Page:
Secrecy bill 'insulting to all S.Africans': Tutu
Nobel laureate Desmond Tutu urged lawmakers Tuesday to reject a new state secrets bill which he said was an insult to South Africans with measures that could be used to cover up corruption.
The ruling African National Congress (ANC) is set to muscle the bill through parliament, imposing 25-year jail terms for people found with classified documents -- despite an outcry that it will muzzle investigative journalism.
"The Protection of State Information is not only flawed, it is insulting to all South Africans to be asked to stomach legislation that could be used to outlaw whistle-blowing and investigative journalism," said Tutu.
"This is not to suggest that those presently holding the reins of power intend to use the legislation to muzzle anyone or to cover anything up.
"But, equally, there are presently a sufficient number of investigations (to the credit of government) into alleged corruption by members of this and previous governments to warrant treading with extra care."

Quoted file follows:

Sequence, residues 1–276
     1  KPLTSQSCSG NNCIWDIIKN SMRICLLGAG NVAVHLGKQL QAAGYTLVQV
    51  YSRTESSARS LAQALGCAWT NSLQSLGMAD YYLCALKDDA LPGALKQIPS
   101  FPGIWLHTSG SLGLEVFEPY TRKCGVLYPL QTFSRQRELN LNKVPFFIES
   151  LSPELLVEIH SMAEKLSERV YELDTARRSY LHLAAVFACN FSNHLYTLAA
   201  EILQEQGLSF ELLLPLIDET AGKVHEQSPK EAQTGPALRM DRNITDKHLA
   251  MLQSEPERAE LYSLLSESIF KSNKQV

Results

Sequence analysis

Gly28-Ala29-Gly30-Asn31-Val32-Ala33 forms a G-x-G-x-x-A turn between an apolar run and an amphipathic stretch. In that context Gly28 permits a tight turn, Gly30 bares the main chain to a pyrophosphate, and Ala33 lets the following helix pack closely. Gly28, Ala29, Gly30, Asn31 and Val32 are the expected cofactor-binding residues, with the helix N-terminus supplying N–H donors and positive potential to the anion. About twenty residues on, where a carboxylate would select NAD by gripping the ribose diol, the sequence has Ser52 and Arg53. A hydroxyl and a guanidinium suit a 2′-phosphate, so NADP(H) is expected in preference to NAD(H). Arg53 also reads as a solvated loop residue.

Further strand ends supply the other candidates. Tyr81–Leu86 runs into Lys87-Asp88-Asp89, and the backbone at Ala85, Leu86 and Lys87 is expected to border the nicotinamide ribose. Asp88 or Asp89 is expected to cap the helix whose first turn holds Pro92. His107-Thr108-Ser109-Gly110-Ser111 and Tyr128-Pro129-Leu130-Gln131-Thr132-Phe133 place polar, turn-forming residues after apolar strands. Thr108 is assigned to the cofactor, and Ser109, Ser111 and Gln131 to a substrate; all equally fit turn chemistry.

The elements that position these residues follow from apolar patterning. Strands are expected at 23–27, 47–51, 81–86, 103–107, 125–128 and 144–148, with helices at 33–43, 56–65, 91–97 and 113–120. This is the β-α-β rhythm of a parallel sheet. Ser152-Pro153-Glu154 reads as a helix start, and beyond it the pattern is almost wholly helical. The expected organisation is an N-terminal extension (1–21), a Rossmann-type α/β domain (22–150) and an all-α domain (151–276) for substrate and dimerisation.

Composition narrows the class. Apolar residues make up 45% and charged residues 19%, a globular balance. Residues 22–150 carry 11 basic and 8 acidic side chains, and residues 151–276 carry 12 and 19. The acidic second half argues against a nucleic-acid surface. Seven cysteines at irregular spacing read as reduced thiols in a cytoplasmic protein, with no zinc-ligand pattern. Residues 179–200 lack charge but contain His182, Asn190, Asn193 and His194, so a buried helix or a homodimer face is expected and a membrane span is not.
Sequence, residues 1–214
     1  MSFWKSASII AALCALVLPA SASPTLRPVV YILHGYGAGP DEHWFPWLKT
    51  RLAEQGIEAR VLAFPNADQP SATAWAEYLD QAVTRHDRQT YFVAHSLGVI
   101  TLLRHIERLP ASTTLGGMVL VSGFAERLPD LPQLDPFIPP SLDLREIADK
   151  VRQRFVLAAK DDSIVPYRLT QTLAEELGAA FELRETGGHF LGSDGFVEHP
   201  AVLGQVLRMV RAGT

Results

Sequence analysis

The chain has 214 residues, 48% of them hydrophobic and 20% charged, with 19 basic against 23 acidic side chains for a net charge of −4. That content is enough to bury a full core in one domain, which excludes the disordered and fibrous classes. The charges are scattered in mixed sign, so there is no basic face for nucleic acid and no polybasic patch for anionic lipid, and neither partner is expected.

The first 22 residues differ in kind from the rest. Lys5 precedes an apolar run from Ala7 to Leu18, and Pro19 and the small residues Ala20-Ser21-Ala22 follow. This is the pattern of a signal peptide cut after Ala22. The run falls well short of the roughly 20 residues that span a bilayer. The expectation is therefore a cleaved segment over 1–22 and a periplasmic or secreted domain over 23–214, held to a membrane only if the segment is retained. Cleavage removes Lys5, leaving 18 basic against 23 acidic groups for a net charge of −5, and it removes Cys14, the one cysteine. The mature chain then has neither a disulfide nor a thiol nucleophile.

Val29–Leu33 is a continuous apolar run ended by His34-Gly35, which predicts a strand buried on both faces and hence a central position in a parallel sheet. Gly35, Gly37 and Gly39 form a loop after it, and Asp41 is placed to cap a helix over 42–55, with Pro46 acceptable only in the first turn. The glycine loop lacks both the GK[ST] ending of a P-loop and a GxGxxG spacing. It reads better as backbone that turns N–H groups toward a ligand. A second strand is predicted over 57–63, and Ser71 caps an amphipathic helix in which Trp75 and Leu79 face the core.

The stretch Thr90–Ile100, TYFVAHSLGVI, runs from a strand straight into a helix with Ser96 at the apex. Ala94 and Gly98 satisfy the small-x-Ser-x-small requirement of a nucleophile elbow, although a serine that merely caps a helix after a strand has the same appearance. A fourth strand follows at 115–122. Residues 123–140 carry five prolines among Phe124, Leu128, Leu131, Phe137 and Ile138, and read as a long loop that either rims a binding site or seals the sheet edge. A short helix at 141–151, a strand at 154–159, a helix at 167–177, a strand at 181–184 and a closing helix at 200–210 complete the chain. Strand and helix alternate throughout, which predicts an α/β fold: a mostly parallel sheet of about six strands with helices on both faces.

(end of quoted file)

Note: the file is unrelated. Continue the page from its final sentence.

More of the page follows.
The bill would outlaw the release of classified documents even if the information could benefit the public, making the "state answerable only to the State", he said.
"I appeal to our MPs: Please hear the disquiet this proposed piece of legislation has caused," Tutu said, calling on lawmakers to listen to widespread warnings on the bill.
South Africa's press regularly uncovers allegations of graft that reach to the highest level of government and fear the bill will stifle their work.
Several protests have been planned for Tuesday with the National Press Club calling on people to wear black to show their opposition. They have dubbed the day "Black Tuesday" in a nod to a 1977 apartheid press crackdown.
© 2011 AFP